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March 2005, Vol. 128, No.3
Multifactor productivity change in the air transportation industry
John Duke and Victor Torres
The U.S. air transportation industry is a key component of the U.S. economy. About 42 percent of all passenger trips with roundtrip distances of between 1,000 and 1,999 miles are taken by plane. This percentage increases dramatically to 75 percent if the roundtrip distance is at least 2,000 miles.1 Advances in technology that led to the development of modern jets, along with the Airline Deregulation Act enacted by Congress in 1978, have allowed the U.S. airline industry to become the primary intercity mass transportation system in this country. The air transportation industry is important to our national economy, but it faces unprecedented challenges.2 The economic downturn that began in early 2001 and the terrorist attacks of September 11, 2001, led to reduced demand for air travel thereby resulting in decreased profitability or losses for many companies.3 These trends highlight the importance of controlling costs in the industry, and over the last three decades, productivity has played a significant role in the industry’s ability to control costs and to accelerate growth.
For many years, the Bureau of Labor Statistics (BLS) has published a measure of labor productivity for air transportation. This article discusses and analyzes a new BLS measure of multifactor productivity for the air transportation industry, coded 481 in the North American Industry Classification System (NAICS), covering the period 1972 to 2001. This measure is consistent with the new definition of the air transportation industry under NAICS in which air couriers are no longer included in air transportation, but classified in NAICS 4921, couriers, instead.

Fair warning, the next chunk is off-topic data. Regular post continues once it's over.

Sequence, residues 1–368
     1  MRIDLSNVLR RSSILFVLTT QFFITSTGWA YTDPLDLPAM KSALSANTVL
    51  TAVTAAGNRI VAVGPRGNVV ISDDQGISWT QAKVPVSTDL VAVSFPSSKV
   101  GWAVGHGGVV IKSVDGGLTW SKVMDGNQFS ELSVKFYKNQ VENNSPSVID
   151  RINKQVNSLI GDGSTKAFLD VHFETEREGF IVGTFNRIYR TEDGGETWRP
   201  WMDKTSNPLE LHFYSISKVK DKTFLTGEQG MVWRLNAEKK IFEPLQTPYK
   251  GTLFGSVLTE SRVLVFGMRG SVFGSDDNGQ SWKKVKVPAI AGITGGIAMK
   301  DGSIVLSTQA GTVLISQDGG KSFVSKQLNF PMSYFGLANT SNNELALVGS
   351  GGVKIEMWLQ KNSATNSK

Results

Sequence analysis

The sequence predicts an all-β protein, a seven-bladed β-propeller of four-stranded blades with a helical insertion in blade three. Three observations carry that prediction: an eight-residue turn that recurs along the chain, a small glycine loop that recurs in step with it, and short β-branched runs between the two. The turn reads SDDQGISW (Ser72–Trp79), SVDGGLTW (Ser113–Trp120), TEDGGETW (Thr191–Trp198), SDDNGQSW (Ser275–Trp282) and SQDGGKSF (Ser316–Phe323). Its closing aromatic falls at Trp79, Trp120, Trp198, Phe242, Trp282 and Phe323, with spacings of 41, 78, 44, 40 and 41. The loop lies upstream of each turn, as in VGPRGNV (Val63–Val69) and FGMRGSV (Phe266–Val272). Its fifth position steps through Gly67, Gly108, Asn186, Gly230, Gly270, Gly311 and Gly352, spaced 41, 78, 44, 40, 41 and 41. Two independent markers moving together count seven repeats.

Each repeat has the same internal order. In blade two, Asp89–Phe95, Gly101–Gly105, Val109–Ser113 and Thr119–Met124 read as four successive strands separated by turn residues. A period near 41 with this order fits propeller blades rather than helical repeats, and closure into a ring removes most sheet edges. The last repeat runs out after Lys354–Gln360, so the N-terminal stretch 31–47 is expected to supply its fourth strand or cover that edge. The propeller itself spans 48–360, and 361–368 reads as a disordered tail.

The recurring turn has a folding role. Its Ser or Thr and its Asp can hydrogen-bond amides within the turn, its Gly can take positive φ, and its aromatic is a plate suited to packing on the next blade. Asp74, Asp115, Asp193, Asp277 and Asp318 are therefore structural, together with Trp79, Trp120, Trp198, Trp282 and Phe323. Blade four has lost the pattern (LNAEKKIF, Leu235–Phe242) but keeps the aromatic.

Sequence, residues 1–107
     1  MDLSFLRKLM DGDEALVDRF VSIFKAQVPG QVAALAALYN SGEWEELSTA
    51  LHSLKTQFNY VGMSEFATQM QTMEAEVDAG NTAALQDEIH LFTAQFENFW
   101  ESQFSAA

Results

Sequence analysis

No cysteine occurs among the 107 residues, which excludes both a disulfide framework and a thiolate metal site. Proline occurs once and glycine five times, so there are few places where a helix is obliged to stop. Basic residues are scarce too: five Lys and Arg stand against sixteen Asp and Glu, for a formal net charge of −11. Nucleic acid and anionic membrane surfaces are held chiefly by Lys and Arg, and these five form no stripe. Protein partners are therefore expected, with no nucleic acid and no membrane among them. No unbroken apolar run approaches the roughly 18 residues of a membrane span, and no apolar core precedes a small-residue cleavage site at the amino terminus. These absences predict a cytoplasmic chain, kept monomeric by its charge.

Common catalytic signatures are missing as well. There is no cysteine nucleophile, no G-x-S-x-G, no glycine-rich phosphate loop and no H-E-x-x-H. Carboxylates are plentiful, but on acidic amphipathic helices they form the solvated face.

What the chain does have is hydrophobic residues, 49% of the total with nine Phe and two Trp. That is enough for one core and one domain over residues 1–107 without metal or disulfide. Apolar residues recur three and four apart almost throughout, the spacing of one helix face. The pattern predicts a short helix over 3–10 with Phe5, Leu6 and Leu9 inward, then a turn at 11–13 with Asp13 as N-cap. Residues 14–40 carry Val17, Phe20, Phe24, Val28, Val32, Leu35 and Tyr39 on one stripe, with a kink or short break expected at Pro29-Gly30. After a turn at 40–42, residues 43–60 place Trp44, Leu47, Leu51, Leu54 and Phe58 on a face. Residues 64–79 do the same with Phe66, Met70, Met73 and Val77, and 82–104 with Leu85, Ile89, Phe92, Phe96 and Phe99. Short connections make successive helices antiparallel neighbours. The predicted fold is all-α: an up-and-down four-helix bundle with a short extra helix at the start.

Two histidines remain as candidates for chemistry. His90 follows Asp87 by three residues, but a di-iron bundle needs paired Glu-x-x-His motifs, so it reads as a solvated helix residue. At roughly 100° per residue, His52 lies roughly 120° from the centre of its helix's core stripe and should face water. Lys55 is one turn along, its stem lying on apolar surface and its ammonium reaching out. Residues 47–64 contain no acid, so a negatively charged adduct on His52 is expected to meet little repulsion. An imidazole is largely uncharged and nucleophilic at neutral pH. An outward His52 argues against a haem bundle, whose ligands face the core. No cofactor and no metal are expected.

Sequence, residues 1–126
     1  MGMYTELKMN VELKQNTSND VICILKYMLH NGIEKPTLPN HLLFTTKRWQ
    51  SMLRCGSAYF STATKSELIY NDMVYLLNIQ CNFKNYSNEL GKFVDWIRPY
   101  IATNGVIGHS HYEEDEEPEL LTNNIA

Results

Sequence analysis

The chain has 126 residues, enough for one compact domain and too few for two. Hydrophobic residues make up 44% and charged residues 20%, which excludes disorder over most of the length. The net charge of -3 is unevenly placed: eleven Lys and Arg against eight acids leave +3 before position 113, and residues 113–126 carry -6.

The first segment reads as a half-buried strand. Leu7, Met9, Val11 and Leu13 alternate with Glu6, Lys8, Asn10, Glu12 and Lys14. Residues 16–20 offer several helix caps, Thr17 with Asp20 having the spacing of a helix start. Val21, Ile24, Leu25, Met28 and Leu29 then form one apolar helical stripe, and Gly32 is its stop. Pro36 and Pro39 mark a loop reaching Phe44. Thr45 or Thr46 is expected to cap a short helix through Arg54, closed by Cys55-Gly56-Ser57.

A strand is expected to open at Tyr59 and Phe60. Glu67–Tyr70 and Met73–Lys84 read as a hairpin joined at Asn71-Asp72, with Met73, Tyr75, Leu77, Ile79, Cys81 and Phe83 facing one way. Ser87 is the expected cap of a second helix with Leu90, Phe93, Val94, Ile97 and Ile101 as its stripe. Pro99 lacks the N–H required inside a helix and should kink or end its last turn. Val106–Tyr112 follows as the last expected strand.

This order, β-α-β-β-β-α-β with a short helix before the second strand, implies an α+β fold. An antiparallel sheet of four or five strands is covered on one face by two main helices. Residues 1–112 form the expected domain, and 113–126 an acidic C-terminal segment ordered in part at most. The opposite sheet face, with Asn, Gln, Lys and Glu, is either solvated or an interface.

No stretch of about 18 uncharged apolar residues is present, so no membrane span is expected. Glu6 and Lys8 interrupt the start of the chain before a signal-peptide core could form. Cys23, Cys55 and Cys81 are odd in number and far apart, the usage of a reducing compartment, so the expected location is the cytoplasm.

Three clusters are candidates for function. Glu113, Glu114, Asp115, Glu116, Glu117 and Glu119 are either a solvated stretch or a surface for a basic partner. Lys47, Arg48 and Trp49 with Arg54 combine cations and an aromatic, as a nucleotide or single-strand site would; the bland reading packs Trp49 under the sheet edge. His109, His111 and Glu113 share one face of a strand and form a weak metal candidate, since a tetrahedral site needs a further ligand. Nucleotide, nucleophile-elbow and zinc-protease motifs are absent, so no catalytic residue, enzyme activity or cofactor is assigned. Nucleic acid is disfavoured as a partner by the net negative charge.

Labor productivity relates output to the labor resources used in its production. It is an indicator of the efficiency with which labor is being utilized, an important indicator of economic progress. Despite its widespread use, a labor productivity measure should not be interpreted as representing only the contribution of labor to production. Changes in output per hour (or productivity) reflect a wide range of influences, including changes in technology, skill and effort of the workforce, organization of production, economies of scale, and the amount of capital per hour and intermediate purchases per hour. Labor productivity is a frequently used measure of economic performance. It is recognized by researchers as an important tool for monitoring the health of the economy. Over time, growth in real per capita income and increases in living standards tend to follow growth in labor productivity. Higher productivity growth increases the competitiveness of a business, industry, or nation. Moreover, labor productivity serves as a buffer against higher labor costs by offsetting part or all of the growth in compensation per hour.
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1 U.S. Department of Transportation, Bureau of Transportation Statistics, as reported by the 2001 National Household Travel Survey, preliminary distance file, on the Internet at http://www.bts.gov/publications/national_household_travel_survey/
2 Air Transport Association, "Air Transport 2002," p. 5., on the Internet at http://www.airlines.org/public/publications/display1.asp?nid=916.
3 Kristin S. Krause, "The worst, by far," Traffic World, Jan. 28, 2002, p. 34.
Related BLS programs
productivity trends in manufacturing industries, 1987–96—June
Multifactor productivity in the utility services industries.—May 1993.
Multifactor productivity in railroad transportation.—Aug. 1992.
Multifactor productivity in motor vehicle industries—Aug. 1987.
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